India Gate on Sunday December 23 is not what women and students wanted -- where for the first time in decades women, particularly young students, middle-aged housewives and battle-weary social activists, felt that a space for their narratives of being woman in an often hostile and predatory city had suddenly been cleared. Many people today however have cause to fear that the cycle of violence, both by the state and sections of the protestors, may well silence their voices again.
'What is it that you want?' is a question that everyone from government ministers to the Delhi Police asks them. According to at least Dharmendra Kumar of the Police and MoS Home, RPN Singh, all the protestors' demands have been met -- an assurance of fast track courts, a promise of the death penalty for rape, a judicial enquiry; but nevertheless the cries of the young protestors still rages 'We want justice, we want justice!'.
What do these young women and men students want? First of all, a city and a society that will at least try to understand why they see in 'Amanat' a little of themselves, and how in her resilient struggle to be hopeful and alive, they see reflected the smaller struggles they themselves wage every day. Young women say that this society has always made them live alone in the neighbourhood of fear -- of parental disapproval and anxiety, of failing to read warning signals, of not staying at home in self-defence, of sexual harassment, of rape, of protesting about them, and even of believing in women who do. For these young students, the setting up of an inquiry commission into enhancing women’s safety in some stuffy room many months later, merely signals that their voices and suggestions about how to make public transport and public spaces safe are simply not being heard. Ironically at a time when sections of the media berate the politicians for meddling in matters of civil society, these young students want the political assurance of a 21st century India that actively combats the injustice done to women in homes, public spaces and institutions.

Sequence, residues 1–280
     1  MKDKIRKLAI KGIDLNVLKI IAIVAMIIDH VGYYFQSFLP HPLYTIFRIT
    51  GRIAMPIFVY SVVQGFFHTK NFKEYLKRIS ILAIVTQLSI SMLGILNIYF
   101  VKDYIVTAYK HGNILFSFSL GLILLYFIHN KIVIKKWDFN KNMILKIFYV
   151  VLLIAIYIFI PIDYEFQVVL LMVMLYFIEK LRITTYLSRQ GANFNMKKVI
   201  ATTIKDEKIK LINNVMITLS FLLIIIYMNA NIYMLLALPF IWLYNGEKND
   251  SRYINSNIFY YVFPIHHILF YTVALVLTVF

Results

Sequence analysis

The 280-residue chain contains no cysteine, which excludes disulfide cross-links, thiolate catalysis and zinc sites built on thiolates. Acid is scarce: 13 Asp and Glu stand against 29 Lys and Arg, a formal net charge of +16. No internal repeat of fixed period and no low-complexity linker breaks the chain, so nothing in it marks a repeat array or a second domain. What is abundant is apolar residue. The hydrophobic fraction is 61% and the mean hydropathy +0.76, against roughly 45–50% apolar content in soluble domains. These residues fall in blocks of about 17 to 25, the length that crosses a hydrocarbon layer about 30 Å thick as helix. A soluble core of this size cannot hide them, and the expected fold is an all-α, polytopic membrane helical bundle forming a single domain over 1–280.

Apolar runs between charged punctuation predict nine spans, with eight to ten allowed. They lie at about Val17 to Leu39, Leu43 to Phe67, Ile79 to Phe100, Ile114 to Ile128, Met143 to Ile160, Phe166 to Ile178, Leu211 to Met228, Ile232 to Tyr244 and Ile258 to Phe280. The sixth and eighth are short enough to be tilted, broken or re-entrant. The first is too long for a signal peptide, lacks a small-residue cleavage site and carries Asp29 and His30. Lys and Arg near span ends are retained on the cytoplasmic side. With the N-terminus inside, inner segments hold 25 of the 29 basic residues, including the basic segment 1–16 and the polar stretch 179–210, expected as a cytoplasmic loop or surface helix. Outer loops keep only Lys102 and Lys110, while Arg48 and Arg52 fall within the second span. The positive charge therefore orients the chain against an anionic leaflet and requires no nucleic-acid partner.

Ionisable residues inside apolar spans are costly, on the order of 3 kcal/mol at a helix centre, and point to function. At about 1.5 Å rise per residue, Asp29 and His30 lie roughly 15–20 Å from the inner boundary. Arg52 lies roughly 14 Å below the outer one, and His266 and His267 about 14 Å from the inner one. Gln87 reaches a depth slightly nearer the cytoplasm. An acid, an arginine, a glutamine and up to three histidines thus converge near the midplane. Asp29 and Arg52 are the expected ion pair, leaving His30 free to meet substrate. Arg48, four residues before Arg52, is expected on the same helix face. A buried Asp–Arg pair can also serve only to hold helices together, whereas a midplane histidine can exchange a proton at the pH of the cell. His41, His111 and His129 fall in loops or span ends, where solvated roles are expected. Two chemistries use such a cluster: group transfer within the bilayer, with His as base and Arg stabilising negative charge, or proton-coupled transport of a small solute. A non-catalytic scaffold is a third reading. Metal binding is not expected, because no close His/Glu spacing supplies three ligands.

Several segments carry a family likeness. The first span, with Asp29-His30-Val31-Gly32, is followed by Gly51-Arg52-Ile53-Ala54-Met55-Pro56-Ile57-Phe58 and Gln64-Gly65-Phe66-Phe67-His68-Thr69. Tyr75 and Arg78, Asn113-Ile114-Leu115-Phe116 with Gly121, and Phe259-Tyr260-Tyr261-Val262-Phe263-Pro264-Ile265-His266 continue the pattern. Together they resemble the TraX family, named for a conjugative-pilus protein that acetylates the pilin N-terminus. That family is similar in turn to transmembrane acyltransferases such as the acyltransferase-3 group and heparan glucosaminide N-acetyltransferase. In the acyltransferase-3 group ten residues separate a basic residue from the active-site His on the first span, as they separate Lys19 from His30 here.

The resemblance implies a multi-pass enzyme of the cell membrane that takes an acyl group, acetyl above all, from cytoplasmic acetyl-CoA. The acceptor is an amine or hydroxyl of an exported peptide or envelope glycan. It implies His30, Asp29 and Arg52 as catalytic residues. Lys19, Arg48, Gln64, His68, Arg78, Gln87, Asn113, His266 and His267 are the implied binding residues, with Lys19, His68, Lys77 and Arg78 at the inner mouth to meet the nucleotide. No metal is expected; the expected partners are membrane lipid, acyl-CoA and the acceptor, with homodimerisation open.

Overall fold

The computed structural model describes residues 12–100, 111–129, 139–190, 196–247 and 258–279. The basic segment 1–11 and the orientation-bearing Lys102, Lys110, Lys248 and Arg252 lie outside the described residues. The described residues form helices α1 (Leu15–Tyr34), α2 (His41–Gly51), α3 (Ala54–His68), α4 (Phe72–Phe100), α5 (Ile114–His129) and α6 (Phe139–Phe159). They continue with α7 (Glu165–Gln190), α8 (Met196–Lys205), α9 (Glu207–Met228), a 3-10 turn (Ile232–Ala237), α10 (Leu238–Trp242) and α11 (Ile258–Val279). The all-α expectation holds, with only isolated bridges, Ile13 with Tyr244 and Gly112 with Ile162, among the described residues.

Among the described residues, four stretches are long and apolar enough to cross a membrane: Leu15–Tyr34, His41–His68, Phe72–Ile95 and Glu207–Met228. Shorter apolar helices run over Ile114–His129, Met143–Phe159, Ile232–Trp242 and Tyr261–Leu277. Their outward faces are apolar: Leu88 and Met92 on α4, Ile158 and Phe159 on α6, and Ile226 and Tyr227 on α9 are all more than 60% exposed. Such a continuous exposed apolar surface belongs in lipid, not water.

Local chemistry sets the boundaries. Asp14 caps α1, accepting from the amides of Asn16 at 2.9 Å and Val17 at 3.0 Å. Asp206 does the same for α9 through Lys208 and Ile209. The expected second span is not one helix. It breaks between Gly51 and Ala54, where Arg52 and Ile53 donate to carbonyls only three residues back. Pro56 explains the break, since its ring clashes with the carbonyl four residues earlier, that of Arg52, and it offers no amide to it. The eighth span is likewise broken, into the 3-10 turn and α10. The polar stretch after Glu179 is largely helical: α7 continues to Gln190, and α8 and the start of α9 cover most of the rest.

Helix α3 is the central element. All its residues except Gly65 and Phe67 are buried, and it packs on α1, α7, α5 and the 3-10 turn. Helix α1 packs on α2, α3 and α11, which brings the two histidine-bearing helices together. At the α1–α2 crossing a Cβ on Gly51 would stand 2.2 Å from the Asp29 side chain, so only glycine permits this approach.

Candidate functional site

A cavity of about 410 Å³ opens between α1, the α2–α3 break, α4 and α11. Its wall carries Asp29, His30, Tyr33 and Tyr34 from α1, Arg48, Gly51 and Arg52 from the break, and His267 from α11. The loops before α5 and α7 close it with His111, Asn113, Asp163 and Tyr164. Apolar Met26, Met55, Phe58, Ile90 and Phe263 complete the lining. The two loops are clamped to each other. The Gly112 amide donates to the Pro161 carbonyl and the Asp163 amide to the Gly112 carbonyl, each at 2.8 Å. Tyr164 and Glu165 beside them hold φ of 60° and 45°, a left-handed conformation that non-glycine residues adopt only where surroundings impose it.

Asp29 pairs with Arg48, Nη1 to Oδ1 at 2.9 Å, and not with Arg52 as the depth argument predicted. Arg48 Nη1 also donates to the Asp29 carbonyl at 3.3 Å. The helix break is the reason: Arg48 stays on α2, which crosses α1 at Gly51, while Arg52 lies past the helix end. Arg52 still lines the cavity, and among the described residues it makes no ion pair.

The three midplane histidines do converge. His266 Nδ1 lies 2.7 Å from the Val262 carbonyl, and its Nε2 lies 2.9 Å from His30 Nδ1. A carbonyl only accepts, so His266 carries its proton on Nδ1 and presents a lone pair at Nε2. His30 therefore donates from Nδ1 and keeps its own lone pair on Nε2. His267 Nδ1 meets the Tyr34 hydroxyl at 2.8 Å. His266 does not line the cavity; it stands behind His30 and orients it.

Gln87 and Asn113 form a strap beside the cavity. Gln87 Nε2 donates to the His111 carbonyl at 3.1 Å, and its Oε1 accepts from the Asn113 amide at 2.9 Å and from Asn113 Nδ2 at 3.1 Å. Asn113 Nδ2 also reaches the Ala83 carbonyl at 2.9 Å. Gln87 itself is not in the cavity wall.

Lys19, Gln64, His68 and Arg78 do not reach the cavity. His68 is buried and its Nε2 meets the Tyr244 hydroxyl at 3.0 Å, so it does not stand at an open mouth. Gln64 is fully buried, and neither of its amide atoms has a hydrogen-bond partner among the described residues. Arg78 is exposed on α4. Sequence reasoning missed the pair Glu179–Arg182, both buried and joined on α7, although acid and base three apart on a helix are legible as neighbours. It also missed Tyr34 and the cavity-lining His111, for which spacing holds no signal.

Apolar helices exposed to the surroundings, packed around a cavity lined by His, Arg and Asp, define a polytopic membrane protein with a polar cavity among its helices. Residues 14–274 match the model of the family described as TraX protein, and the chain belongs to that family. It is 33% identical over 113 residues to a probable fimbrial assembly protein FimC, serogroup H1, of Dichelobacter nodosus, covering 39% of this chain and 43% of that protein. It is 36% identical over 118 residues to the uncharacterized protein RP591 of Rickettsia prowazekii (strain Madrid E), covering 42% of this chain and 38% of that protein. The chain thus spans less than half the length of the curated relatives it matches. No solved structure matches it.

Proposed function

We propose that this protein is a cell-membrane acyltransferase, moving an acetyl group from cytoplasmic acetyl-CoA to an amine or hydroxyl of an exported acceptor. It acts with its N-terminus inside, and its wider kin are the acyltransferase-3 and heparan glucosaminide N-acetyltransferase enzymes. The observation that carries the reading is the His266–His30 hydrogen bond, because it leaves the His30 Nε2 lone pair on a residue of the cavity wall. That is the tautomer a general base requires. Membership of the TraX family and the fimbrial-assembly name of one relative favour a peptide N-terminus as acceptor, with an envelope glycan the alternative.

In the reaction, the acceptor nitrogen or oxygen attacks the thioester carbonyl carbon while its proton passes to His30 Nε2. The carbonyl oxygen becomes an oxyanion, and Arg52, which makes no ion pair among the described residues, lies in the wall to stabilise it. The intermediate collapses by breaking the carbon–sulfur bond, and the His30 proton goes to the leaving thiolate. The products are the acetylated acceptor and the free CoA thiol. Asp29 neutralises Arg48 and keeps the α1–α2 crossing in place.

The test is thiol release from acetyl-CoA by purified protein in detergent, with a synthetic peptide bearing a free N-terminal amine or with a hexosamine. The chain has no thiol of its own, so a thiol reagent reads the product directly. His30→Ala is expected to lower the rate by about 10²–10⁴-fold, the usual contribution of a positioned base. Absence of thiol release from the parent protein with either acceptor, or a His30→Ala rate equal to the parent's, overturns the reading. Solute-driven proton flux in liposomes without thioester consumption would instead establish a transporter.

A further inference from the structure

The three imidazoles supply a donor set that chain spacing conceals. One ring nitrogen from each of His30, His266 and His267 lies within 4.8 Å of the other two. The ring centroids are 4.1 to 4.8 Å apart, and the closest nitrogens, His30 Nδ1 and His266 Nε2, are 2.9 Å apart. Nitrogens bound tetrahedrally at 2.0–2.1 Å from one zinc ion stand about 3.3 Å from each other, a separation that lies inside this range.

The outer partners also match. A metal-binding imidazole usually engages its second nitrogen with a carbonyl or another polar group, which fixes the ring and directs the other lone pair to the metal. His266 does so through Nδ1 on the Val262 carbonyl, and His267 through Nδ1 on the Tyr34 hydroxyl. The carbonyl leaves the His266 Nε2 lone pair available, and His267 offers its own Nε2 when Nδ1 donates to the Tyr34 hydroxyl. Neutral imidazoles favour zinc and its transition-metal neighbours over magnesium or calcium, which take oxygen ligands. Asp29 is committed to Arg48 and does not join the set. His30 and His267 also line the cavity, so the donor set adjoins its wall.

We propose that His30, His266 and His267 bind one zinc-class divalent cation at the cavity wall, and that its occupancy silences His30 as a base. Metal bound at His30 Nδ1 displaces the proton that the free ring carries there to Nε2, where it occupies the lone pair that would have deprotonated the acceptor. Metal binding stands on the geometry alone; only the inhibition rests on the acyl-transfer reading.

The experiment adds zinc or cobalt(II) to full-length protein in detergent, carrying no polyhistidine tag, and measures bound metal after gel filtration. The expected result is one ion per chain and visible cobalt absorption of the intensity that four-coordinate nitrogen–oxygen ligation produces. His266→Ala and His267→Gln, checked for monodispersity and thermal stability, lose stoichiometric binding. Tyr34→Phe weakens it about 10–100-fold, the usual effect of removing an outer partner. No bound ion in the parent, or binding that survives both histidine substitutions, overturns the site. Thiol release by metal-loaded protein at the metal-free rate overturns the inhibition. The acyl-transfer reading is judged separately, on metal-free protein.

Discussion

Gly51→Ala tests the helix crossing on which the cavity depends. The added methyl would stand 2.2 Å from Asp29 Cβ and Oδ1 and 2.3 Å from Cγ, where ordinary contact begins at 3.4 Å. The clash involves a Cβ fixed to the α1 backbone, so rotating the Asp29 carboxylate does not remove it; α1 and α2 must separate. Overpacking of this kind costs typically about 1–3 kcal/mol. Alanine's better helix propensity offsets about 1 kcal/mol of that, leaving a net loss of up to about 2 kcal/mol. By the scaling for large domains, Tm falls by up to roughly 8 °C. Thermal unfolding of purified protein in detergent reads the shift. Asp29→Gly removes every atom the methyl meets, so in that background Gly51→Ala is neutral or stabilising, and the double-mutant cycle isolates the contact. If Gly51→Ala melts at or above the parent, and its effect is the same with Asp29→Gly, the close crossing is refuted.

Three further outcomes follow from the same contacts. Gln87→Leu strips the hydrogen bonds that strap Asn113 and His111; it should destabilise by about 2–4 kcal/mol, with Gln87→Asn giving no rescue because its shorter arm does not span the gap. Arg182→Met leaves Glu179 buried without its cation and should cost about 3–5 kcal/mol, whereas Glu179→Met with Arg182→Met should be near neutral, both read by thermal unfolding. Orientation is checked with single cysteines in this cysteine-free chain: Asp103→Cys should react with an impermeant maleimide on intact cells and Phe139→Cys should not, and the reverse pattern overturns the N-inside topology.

Second, in their iteration of the demand for fast track courts for rape even when it has been ostensibly accepted, these young students are not merely being skeptical of glib assurances. They know that were the government seriously listening to their message, it would not have divided the women of Delhi from the rest of India. Fast track courts are needed everywhere, across the country. If the government had truly internalised these young students' anguish, it should have immediately confessed its shame -- over a 100,000 rape trials are still pending in courts across India today, at a time when close to 25000 rape crimes were reported across India in 2011. Instead, all the assurances they have received set 'Amanat' apart from Bilkis Bano, the Dalit victims of Khairlanji, the Park Street rape survivor, Manorama Devi, and the thousands of poor and tribal women against whom serious crimes have been committed.
Third, these young students want that their words be attended to, and not paraphrased or drowned out. While some may believe that their cries for swift justice translate seamlessly into a demand for the death penalty, not all these young students want justice to be read as retribution. And then, there is the very real fear that the death penalty may be the death warrant for the woman victim as well, as rapists would have the real incentive to disappear the evidence of their crime, by burning or burying their victims. In any case, these young students say, our cry for justice is about the filing of FIRs on our complaints, about the way that medical examinations are done, the way that evidence is collected, and the way that survivors' testimony is elicited and evaluated, and most of all, how the state abandons rape survivors once the court proceedings begin. These young students want to know why the allocation for relief to rape victims has plummeted from the already abysmal 53.3 crore in 2009-10 to Rs 7.5 crore in 2011-12. By current estimates, the government reportedly spends Rs 42 per rape victim, even as the 2006 Supreme Court directive from six years ago that the NCW extend financial and medical support to rape survivors gathers dust.
Finally, what young students want is for someone to commit that they will change the political system that buttresses the social system arraigned against them. After all, why is it that our vibrant democracy of sixty-five years has never managed to pass a law on sexual harassment or one on sexual assault? These young students want that Parliament listen to them about which laws will make them feel safe, what provisions they must have, and which must be changed and amended. A special meeting of Parliament to pass such laws on sexual assault and harassment would be fitting, but at the very least, every Parliamentarian must stand up tall and say that it is young women and men like these that India wants.
Ayesha Kidwai is a member of Justice for Women NOW!, a joint action forum of students, women's groups and social activists.